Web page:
It isn’t often that I get to be in a room full of Design Managers, so it was a refreshing opportunity to present to some of the team at Sir Robert McApline at the Offsite Construction Show. If you ever search for ‘design management training’ you will find that many courses relate to the construction industry, where Design Managers routinely work alongside other project managers and on-site suppliers to see projects through to fruition. Construction projects are large scale and complex, and come together over years rather than months. They also involve a wide range of planning and building regulations, so you can see why Design Management in this sector requires specific training. As someone who doesn’t work in the construction industry, I wasn’t there to advise the McAlpine team on how to do their jobs, instead what I put forward were a number of common themes that come into play regardless of whether a design project relates to the construction industry or the creative industries.

Setting the brief – the important early stages

Getting everyone together at the beginning of a project is about preventing problems further down the line and being open to innovation and creativity before a solution is set. This may seem like stating the obvious, but it is a difficult thing to do. It’s still common that briefs are fixed first and then opened up for suppliers to come forward, either by tender processes or other pitch methods. So, the process often begins as a closed competitive situation where trying to win a project is the main aim, rather than creating a collaborative environment where scenarios and partnerships can be openly explored at the outset.

Understanding the whole process

The other aspect of reviewing and mapping an entire project before it begins, is to appreciate the complexity of the entire process ahead. Deadlines are important. They focus and anchor projects into the practicalities of delivery, but if they do not reflect an understanding of the whole process, they will just increase the need to cut corners and rush things through. This can send everyone into fire-fighting mode as each new stage is put under yet more pressure as deadlines loom. Walking through the entire process at the beginning is about clarity, and should involve people who have previous experience of what’s ahead. This means that areas for efficiency can be discussed before fire-fighting and frustration sets-in.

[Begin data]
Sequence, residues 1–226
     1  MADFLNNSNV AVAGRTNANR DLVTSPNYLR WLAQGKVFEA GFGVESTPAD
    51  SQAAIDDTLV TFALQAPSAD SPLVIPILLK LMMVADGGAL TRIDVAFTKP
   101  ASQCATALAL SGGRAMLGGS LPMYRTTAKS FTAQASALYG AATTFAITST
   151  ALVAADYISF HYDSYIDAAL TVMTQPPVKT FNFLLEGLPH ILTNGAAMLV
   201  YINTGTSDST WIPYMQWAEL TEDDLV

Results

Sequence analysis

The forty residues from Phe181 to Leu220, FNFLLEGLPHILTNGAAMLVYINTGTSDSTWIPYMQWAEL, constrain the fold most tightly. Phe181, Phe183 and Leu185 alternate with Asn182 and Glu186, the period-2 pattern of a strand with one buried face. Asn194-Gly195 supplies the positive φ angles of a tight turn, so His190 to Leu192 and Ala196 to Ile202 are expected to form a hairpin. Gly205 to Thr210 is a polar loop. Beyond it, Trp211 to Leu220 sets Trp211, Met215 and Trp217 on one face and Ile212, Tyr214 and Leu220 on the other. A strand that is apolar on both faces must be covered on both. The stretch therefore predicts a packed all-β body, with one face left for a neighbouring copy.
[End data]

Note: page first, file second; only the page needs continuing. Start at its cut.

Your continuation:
Making room for iteration

Even when a project has been openly explored at the beginning, if it involves creating something new, you can guarantee there will be learning along the way that could not have been predicted. Rethinking and iteration are then required, which means time and money to overcome unexpected barriers. But iteration improves the outcome and is an important part of the design process. Frustrating as it might be, the alternative is to gloss-over problems and push ahead. However, those problems are unlikely to go away and will pop back-up later down the line - where they will cost more money and there will be even less time to find a resolution with any quality.

Tensions between creativity and implementation

Big thinking or visionary creative concepts are rarely based on the details of how they will be implemented. And rightly so. If every design was based on what is quick, easy and cost effective we wouldn’t push boundaries or innovate. But true innovation, creativity or uniqueness will present more unknowns and therefore the delivery stages need more room. Implementation usually requires the major share of the blood, sweat and tears in projects, but clients become far more excited and place more value on ‘the creative’ and get impatient and frustrated with the ups and downs of making it happen. It’s another reason to involve everyone early on to understand the balance between not compromising the big vision whilst appreciating the detailed practicalities.

Relationships and culture - it’s all about people

Ideas, concepts, strategies, processes and procedures are all straight forward on paper and can all seem so obvious when discussed in small groups of like-minded people (this is one reason why small groups and individual entrepreneurs can move fast and achieve great leaps). But in wider teams, supply chains or bigger organisations people have different views, varying levels of experience and authority, conflicting priorities, vested interests and personal preferences that massively effect the dynamics and success of projects. Communication, negotiation and emotional intelligence are all invaluable. It doesn’t mean project relationships all need to be cosy – business is tough and knowing when to push back and say ‘no’ is essential. But ultimately, relationships built on trust, transparency and open learning, shares the responsibilities of decision-making and will support success.

 

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